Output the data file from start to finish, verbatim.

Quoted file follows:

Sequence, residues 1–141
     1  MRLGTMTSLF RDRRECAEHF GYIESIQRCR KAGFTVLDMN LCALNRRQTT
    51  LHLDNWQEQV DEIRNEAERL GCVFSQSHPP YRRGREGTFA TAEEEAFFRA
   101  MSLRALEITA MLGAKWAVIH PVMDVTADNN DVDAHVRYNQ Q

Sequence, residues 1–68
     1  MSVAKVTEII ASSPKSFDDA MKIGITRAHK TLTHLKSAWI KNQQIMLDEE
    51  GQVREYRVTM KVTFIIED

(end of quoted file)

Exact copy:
Sequence, residues 1–141
     1  MRLGTMTSLF RDRRECAEHF GYIESIQRCR KAGFTVLDMN LCALNRRQTT
    51  LHLDNWQEQV DEIRNEAERL GCVFSQSHPP YRRGREGTFA TAEEEAFFRA
   101  MSLRALEITA MLGAKWAVIH PVMDVTADNN DVDAHVRYNQ Q

Sequence, residues 1–68
     1  MSVAKVTEII ASSPKSFDDA MKIGITRAHK TLTHLKSAWI KNQQIMLDEE
    51  GQVREYRVTM KVTFIIED